This grant provides up to $10,000 in funding towards training skills for new or current employees for courses offered in B.C. or online. The type of training funding employees can get varies and includes:

  • Industry certifications like tourism and hospitality certificate
  • Management training
  • Essential skills
  • Social media marketing
  • Soft skills
  • Training to operate a specific software, equipment or machinery
  1. Digital Tech Internship

This hiring grant covers 50% of wages and provides a maximum wage subsidy of up to $15,000 for employers to hire a recent graduate aged 30 or under in digital tech positions.

  1. Post-Farm Food Safety Program

This market expansion program covers 70% of costs and provides a max grant of $20,000 for B.C. food and beverage manufacturers to enhance or establish food safety systems and practices in their business operations.
Our client experience
We have helped many companies take advantage of hiring grants that lead to significant savings. It’s not uncommon for businesses to receive multiple grants within the same program. For example, companies will often hire a new developer and digital analyst. Hiring these new employees could result in $20,000 to $40,000 in savings through government grants. One grant program, leveraged twice.
We had one client who needed someone to help the company promote online to new markets, attend trade shows in foreign locations and get their brand strategy together. The company received a $20,000 government grant to hire a recent graduate.
After the new employee came on board, the company realized they needed to upskill their digital marketing efforts. Because of this, they also got another $8,000 through a training grant to support their digital promotion activities.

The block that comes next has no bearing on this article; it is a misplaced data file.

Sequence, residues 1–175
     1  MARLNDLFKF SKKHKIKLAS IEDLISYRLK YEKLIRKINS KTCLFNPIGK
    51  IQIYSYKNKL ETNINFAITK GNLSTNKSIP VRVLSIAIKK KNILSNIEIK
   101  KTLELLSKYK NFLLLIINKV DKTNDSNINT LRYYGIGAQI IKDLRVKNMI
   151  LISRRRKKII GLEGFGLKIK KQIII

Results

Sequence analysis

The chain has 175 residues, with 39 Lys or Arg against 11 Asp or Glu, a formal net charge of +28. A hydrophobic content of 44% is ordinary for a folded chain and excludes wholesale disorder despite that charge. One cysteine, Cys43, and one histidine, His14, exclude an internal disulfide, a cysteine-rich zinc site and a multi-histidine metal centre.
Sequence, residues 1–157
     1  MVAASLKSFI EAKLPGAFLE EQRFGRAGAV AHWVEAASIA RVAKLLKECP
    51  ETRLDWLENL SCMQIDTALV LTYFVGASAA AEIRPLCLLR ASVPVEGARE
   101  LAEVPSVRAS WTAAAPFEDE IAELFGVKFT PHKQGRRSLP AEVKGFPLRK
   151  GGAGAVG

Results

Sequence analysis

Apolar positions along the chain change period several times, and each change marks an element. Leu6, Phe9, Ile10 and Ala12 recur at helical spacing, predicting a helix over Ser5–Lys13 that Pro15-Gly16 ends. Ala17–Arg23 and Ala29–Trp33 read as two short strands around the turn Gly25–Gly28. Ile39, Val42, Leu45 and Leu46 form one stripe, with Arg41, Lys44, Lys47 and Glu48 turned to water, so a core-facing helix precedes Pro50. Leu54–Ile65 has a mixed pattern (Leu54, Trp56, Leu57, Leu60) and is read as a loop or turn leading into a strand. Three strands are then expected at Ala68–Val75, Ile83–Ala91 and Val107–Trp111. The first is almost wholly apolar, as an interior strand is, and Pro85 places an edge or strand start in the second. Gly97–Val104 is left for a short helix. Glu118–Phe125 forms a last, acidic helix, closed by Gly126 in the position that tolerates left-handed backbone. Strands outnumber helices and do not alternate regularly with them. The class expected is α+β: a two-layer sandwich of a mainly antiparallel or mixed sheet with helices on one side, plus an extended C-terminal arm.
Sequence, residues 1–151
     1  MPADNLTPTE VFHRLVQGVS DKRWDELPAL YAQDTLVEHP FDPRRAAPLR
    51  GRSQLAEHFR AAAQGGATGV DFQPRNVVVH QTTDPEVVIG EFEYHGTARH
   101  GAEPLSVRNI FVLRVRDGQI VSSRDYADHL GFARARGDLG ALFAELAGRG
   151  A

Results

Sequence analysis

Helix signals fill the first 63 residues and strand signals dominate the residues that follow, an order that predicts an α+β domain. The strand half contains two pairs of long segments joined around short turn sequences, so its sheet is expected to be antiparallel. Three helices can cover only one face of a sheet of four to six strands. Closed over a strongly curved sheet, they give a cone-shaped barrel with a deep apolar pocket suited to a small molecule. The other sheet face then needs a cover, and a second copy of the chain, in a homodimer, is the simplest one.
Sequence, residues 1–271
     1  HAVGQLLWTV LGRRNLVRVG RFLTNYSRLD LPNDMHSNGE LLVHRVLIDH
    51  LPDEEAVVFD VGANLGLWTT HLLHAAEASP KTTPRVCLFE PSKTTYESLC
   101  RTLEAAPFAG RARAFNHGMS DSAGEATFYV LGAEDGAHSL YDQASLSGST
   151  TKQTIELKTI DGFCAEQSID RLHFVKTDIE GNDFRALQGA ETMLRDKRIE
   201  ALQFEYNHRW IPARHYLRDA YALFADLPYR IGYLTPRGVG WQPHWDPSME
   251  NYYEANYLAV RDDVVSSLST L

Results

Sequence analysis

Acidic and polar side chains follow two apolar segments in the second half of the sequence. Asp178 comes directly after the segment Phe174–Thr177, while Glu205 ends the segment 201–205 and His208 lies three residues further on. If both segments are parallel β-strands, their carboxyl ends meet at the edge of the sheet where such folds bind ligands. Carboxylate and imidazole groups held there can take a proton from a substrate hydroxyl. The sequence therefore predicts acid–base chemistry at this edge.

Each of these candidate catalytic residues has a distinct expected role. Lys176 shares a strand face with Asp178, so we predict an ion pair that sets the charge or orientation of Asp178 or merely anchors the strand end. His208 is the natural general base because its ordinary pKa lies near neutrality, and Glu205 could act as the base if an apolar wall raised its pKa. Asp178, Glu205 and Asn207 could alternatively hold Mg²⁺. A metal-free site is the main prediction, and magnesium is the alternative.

Because the business was also engaging in international marketing efforts, they could also qualify for Canadian government grants between $10,000 to $50,000.
There are many opportunities to save money when companies apply to all of the grants they are eligible for.

Myth #5: Companies can rely on government grants as a regular funding source

There are some businesses that are able to access funding programs every year, but this is definitely not the case for most companies.
Grants change all the time and should always be considered as a bonus source of money rather than a reliable funding source for companies. The best way to leverage government grants is to look at activities that a business engages in and determine which grants could benefit the project.
Our client experience
Companies that are in growth mode, hiring people, training their current staff or expanding into new foreign markets are some of the general types of grants that Canadian businesses can take advantage of.
However, the funding often requires a matching contribution and pre-approvals before a company can engage in the grantable activities. Some government grant programs can also take a few months to review the application. So if business owners need cash flow within a month of applying for a grant, they usually won’t see a cheque another 90 to 120 days even if they were awarded the grant.
Sometimes, the grant is a reimbursement program. This means you won’t get a cheque until all activities proposed are complete, receipts are sent in and a report is provided. In these cases, relying on Canadian government business grants as a funding source is a challenge.


We have heard every myth about Canadian government business grants and these are the top five:

  • Myth #1: Government grants are only for large companies that are innovative
  • Myth #2: Government grants are available purely based on a particular demographic like being youth or female
  • Myth #3: Government grants are available for capital expenditures like buying new equipment
  • Myth #4: The average Canadian government business grant is $100,000
  • Myth #5: Companies can rely on government grants as a regular funding source

Now that you know the reality of these Canadian government grant myths, don’t let these misconceptions stop you from applying for funding your business could be eligible for. There are a variety of hiring grants, government grants specifically for small business and employee training grants you can apply for.
We understand how confusing it can be in the world grants. So please contact us anytime you have questions on which government grants your business could be eligible for.